Online Preview: Insights on Medication Overuse Headache
An excerpt from exclusive on-line content from Practical Neurology.
A Q&A with Jacinta Johnson, B.Pharm
How frequently rebound headaches occur depends on the type and dose of overused drug and the frequency of headaches. What are the differences between the drugs/dose?
There are still a lot of unknowns with regard to which drugs are capable of inducing medication overuse headache in what doses. From the literature it is clear opioids are a particularly problematic class of medications, as they have consistently been associated with progression from episodic to chronic headache, even when initiated for other indications. Use of barbiturates has also come out as a significant risk factor in headache chronification in a large longitudinal study. Overall, non-steroidal anti-inflammatory drugs (NSAIDs) are not associated with transition from episodic to chronic headache, in fact in patients who begin with headaches around up to nine days per month NSAIDs are protective against chronic headache, however in patients with very frequent headaches at baseline NSAIDs can the increase risk of chronic headache. Although many studies report an improvement in headache when overused triptans are withdrawn, prospectively triptans have not been shown to increase the risk of chronic headache.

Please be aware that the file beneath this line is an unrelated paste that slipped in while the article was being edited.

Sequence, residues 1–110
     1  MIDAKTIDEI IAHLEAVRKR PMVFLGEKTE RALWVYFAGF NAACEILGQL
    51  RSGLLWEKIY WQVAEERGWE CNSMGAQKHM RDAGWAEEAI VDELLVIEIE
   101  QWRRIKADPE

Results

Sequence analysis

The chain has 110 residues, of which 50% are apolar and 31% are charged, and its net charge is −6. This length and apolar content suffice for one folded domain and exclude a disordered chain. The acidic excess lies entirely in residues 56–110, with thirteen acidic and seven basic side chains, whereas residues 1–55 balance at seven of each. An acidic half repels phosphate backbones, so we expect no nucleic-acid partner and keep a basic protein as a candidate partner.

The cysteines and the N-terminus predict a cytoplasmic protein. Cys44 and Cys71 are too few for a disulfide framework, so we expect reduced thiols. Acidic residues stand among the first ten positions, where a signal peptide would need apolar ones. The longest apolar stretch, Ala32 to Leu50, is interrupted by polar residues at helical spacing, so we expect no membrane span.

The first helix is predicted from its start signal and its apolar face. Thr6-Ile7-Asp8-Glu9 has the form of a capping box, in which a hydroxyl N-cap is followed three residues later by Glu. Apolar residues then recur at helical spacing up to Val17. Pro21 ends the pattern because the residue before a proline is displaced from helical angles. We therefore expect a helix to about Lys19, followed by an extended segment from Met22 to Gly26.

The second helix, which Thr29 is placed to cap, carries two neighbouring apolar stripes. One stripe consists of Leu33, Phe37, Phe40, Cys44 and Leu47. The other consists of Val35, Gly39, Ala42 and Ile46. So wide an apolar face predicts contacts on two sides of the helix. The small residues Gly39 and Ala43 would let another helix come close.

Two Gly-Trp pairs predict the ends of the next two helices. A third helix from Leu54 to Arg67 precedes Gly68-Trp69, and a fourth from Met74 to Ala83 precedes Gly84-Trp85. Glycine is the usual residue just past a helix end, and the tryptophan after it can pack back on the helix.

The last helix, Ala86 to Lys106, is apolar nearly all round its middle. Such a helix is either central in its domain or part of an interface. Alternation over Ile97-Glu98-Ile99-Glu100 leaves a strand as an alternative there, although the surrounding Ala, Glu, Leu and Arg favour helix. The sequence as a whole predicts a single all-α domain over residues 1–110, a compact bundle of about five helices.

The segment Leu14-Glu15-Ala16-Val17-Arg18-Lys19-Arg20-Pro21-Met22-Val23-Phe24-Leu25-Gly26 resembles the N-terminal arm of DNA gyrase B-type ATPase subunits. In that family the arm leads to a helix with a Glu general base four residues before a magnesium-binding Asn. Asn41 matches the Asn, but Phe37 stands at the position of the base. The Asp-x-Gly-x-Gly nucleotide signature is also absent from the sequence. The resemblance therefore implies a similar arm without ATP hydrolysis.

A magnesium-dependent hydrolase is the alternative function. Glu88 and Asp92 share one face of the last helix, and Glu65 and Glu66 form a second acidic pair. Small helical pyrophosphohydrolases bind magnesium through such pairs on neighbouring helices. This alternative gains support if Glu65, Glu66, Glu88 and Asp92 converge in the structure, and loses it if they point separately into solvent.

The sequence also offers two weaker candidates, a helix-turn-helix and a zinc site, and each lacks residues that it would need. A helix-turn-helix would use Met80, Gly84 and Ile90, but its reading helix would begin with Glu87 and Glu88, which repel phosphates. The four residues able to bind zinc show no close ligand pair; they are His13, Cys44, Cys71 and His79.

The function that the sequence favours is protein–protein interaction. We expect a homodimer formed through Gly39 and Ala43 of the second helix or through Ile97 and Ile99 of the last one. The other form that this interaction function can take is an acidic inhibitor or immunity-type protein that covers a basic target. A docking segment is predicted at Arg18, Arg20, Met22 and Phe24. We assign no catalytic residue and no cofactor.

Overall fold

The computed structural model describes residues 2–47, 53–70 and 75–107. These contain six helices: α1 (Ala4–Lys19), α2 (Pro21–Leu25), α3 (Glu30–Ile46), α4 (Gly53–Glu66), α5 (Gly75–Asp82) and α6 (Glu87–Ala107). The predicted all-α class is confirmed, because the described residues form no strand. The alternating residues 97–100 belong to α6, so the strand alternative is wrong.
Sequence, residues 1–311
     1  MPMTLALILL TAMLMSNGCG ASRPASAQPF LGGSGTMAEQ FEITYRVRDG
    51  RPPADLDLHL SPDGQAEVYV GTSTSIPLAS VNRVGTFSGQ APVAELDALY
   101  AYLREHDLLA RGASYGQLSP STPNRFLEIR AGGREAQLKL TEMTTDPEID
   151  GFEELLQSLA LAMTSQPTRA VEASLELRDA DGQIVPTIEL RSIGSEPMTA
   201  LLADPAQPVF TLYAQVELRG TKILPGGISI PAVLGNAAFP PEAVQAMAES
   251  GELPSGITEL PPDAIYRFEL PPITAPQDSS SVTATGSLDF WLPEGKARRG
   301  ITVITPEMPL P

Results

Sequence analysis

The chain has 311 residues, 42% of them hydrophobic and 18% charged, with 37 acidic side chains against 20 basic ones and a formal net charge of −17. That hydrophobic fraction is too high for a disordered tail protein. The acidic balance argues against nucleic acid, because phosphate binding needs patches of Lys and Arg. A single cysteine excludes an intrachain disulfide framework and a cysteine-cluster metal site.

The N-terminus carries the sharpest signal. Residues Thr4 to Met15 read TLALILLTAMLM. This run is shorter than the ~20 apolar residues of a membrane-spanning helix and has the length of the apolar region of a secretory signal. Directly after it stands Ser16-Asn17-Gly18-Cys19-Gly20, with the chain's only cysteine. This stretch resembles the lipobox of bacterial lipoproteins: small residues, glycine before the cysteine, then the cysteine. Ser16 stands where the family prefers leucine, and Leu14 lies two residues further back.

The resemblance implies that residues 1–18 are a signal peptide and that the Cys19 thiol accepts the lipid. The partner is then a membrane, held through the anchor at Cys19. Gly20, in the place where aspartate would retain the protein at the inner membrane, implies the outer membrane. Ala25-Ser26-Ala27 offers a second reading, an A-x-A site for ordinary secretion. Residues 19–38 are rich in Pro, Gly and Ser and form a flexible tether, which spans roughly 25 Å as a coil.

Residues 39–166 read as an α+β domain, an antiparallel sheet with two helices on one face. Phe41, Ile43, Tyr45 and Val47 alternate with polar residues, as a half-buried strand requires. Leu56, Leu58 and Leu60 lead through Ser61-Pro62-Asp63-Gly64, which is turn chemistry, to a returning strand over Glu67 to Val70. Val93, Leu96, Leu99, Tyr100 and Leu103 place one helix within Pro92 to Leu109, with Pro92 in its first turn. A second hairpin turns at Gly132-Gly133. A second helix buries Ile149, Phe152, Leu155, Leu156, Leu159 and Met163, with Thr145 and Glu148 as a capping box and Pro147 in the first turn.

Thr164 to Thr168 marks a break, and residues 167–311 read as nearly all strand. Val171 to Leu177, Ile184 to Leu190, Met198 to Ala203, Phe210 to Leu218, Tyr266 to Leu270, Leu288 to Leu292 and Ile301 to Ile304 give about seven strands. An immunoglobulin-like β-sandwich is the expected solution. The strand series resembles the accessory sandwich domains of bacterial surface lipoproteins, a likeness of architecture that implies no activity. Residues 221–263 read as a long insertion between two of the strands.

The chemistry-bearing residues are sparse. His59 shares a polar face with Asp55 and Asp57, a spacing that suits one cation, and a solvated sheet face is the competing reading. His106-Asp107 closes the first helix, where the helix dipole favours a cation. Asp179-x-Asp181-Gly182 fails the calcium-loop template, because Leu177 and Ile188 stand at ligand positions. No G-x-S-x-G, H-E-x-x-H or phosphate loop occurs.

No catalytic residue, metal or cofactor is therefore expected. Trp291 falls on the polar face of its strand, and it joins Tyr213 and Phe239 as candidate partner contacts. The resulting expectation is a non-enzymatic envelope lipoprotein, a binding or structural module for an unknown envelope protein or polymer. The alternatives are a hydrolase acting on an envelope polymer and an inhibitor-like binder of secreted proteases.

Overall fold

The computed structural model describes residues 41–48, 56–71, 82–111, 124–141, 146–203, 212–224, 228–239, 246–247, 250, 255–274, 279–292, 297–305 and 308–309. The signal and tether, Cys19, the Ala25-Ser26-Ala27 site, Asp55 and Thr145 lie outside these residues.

The specific doses that can lead to medication overuse headache, and conversely those that are safe to consume, are not well established. Often in medication overuse headache studies drug dose in defined in terms of days of intake per month, rather than amount of the drug consumed, thus it may be that the frequency of intake rather than the absolute dose is more important in determining outcome. It has been reported that the critical intake for opioids is around eight days per month, which conflicts somewhat with the arbitrary cut-off of 10 days per month of intake required for an official ICHD-II diagnosis of opioid overuse headache.